Designing a Questionnaire

Chaitanya Kalathuru & Sai Vegasena 3rd Period

Question

Does grade level between freshmen and seniors affect problem solving skills?

Hypothesis

If seniors and freshmen were given a questionnaire about problem solving skills, then the freshman would do better than the senior because their minds are younger and more creative.

Type of Investigation

Comparative Investigation

Parts of the Experiment

Independent: Grade level (Freshmen & Seniors)
Dependent: Number of questions correct on the questionnaire
Control: None
Control Group: None
Experimental Group: The freshman and seniors that are being tested
Factors Held Constant: The questions are the same for both experimental groups and the gender of the subjects were the same for both experimental groups

Data Table

Effect of Grade Level on Problem Solving Skills

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Graphs

Range Error Bars

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2 SEM Error Bars

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Analysis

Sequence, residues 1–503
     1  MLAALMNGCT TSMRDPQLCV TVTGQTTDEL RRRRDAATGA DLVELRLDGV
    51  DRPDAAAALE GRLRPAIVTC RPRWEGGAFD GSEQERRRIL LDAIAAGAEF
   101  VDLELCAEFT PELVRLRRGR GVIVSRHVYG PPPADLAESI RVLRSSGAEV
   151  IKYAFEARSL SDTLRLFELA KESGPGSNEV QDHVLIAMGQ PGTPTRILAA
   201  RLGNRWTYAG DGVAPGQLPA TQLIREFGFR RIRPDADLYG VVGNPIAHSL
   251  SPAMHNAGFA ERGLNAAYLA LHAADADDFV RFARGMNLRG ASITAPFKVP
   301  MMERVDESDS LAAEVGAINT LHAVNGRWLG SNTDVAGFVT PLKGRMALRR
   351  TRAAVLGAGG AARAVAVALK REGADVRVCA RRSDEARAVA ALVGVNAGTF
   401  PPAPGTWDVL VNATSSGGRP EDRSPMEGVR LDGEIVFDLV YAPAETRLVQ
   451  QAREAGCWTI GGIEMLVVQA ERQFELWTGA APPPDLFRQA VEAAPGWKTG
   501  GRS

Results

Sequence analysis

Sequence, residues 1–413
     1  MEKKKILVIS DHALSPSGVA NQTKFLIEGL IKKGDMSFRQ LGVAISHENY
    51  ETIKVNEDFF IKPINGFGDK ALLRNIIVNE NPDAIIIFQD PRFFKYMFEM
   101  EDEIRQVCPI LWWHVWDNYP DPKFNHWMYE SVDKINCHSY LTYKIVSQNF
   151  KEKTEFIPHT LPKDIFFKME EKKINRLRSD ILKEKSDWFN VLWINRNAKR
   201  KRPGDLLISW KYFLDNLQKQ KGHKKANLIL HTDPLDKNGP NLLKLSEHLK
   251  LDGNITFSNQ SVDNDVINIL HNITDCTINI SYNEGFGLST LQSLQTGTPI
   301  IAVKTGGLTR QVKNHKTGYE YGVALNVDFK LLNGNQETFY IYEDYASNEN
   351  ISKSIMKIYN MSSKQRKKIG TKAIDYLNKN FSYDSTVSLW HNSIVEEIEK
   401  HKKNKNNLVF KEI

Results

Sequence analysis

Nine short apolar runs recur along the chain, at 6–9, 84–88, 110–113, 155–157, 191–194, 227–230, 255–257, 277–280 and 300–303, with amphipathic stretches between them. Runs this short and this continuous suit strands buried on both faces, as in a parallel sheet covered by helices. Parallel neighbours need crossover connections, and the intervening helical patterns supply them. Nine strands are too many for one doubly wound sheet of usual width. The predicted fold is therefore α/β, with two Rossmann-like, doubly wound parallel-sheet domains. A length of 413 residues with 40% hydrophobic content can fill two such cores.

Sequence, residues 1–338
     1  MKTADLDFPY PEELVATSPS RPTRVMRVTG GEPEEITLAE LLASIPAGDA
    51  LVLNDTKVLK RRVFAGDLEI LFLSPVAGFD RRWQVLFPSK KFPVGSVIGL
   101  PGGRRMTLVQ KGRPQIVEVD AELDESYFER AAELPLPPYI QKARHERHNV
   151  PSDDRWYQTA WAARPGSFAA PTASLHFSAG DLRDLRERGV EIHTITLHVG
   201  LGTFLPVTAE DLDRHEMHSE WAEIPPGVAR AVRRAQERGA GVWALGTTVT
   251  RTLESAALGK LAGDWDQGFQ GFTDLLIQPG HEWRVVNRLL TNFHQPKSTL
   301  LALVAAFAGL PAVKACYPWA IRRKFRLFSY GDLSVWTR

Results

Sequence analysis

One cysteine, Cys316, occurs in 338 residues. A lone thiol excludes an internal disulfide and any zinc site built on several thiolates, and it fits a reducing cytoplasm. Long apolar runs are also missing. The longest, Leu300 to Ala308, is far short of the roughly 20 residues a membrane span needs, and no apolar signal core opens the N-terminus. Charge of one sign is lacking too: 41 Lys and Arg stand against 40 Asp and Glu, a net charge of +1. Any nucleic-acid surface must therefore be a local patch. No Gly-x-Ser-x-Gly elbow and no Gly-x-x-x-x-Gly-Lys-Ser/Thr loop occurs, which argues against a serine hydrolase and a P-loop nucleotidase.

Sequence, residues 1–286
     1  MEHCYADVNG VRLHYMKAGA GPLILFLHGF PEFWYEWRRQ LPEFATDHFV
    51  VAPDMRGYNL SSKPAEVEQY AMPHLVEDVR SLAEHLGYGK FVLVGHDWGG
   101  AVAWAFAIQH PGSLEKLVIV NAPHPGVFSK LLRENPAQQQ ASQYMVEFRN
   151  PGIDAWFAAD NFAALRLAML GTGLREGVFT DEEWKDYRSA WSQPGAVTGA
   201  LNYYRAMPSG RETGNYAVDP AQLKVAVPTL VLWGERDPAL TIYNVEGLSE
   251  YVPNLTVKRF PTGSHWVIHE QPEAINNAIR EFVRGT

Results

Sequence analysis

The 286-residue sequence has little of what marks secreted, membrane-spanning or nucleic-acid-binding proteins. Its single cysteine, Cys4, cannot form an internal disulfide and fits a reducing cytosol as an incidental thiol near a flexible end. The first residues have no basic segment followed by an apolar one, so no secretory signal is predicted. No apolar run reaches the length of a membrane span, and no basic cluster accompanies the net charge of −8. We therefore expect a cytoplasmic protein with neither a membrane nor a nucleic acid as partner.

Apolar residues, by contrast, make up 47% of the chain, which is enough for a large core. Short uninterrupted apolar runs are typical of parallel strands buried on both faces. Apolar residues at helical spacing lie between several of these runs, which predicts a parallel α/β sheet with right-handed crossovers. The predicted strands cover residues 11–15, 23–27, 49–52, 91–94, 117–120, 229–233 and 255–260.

Grade level between freshmen and seniors does not affect problem solving skills. By referring to the 2 SEM graph and t-tests , it was obvious that the independent variable had no effect on the dependent variable, therefore the difference between the two experimental groups was not statistically significant. The data and mean showed no trend, and it supports the claim that problem solving ability not being grade specific, and it not pertaining to change in class difficulty level throughout the progression of high school. This information can be backed through the p value in the experiment which was calculated to be approximately .435, which means that there is a 44% chance that the null hypothesis was incorrect. This puts a majority of the probability toward the null hypothesis being correct. By examining the error bars of 2SEM, .616 for freshmen and .698 for seniors, it is was clear that there was a huge overlap between the errors bars, and the initial quantities were, without the error bars, .07 questions off. This minuscule margin creates no clear trend of what is going on and can be attributed to confounding factors. The difference in mean is extremely slim considering that the highest possible value is 4, and the range itself is 4. Also, the standard deviation was a high number, 1.11 for freshman and 1.26 for seniors, and it demonstrated the variability of the data. This means that the data was a scattered and inconsistent per person within grade level. This can be attributed to many other factors that could have caused inaccuracies and errors which can be logically understood. This can create a possible conclusion of problem solving ability that reflects how the divergent mind is altered through progression of a student through this school system in terms of problem solving (http://www.youtube.com/watch?v=iG9CE55wbtY). Since grade level obviously did not hinders student’s ability to solve problems, there has to be other confounding variables that may have affected their problem solving skills. According to the evidence, there is a possible reason that the inherent abilities of each individual, not the grade level, may have influenced the results, which may have caused the variability in the data. Creativity plays a huge role in problem solving and it is said that the fear of being incorrect often hinders creativity (https://www.psychologytoday.com/basics/creativity), and being within a more stimulating environment can improve problem solving skills regardless of the grade level(http://thoughtcatalog.com/brianna-wiest/2015/01/the-inherent-zen-of-creativity/). Overall it can be understood that grade level did not affect creativity this can be seen through the large margin of 2SEM and small difference in mean, and on top of this it can also be understood that creativity lies within the individual as well as within their genetics and nurtured environment through previous psychological studies and the results within this experiment.